Document Reordering

PISA supports reassigning document IDs that were initially assigned in order of parsing. The point of doing it is usually to decrease the index size or speed up query processing. This part is done on an uncompressed inverted index. Depending on the method, you might also need access to some parts of the forward index. We support the following ways of reordering:

  • random,
  • by a feature (such as URL or document TREC ID),
  • with a custom-defined mapping, and
  • recursive graph bisection. All of the above are supported by a single command reorder-docids. Below, we explain each method and show some examples of running the command.

Reordering document lexicon

All methods can optionally take a path to a document lexicon and make a copy of it that reflects the produced reordering.

reorder-docids \
    --documents /path/to/original/doclex \
    --reordered-documents /path/to/reordered/doclex \

Typically, you will want to do that if you plan to evaluate queries, which will need access to a correct document lexicon.

NOTE: Because these options are common to all reordering methods, we ignore them below for brevity.


Random document reordering, as the name suggests, randomly shuffles all document IDs. Additionally, it can take a random seed. Two executions of the command with the same seed will produce the same final ordering.

reorder-docids --random \
    --collection /path/to/inv \
    --output /path/to/inv.random \
    --seed 123456789 # optional

By feature (e.g., URL or TRECID)

An index can be reordered according to any single document feature, such as URL or TRECID, as long as it is stored in a text file line by line, where line n is the feature of document n in the original order.

In particular, our collection parsing command produces two such feature files:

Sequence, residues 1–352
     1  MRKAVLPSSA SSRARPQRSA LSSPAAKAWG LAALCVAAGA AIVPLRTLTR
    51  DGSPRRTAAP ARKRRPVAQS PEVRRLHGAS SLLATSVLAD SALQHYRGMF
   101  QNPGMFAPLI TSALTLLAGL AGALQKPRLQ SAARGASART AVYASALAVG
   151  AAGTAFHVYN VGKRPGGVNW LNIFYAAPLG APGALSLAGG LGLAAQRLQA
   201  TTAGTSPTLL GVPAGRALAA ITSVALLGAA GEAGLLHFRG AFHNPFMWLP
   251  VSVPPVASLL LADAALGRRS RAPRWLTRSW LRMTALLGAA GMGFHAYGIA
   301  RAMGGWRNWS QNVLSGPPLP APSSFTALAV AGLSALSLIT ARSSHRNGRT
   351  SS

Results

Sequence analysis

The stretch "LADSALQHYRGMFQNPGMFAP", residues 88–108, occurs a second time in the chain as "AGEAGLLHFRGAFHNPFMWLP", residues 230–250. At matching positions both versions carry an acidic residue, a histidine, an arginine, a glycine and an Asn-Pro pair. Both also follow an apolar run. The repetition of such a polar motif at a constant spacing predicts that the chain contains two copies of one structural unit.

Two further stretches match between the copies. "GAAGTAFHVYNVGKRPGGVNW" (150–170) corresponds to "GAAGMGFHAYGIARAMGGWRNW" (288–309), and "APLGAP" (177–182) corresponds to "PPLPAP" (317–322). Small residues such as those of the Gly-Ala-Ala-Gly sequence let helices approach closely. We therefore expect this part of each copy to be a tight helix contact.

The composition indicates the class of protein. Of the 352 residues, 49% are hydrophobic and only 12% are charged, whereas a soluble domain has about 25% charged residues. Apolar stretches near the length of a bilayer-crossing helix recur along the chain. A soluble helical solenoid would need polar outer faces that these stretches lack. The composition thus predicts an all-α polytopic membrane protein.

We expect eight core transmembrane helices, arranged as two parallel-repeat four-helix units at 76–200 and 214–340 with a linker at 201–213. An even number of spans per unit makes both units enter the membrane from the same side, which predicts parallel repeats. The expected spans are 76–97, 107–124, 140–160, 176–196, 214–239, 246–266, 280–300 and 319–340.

• *.documents, which is typically a list of TRECIDs,
  • *.urls, which is a list of document URLs.

To use either, you simply need to run:

reorder-docids \
    --collection /path/to/inv \
    --output /path/to/inv.random \
    --by-feature /path/to/feature/file

From custom mapping

You can also produce a mapping yourself and feed it to the command. Such mapping is a text file with two columns separated by a whitespace:

<original ID> <new ID>

Having that, reordering is as simple as running:

reorder-docids \
    --collection /path/to/inv \
    --output /path/to/inv.random \
    --from-mapping /path/to/custom/mapping

Recursive Graph Bisection

We provide an implementation of the Recursive Graph Bisection (aka BP) algorithm, which is currently the state-of-the-art for minimizing the compressed space used by an inverted index (or graph) through document reordering. The algorithm tries to minimize an objective function directly related to the number of bits needed to store a graph or an index using a delta-encoding scheme.

Learn more from the original paper:

L. Dhulipala, I. Kabiljo, B. Karrer, G. Ottaviano, S. Pupyrev, and A. Shalita. Compressing graphs and indexes with recursive graph bisection. In Proc. SIGKDD, pages 1535–1544, 2016.

In PISA, you simply need to pass --recursive-graph-bisection option (or its alias --bp) to the reorder-docids command.

reorder-docids --bp \
    --collection /path/to/inv \
    --output /path/to/inv.random

Note that --bp allows for some additional options. For example, the algorithm constructs a forward index in memory, which is in a special format separate from the PISA forward index that you obtain from the parse_collection tool. You can instruct reorder-docids to store that intermediate structure (--store-fwdidx), as well as provide a previously constructed one (--fwdidx), which can be useful if you want to reuse it for several runs with different algorithm parameters. To see all available parameters, run reorder-docids --help.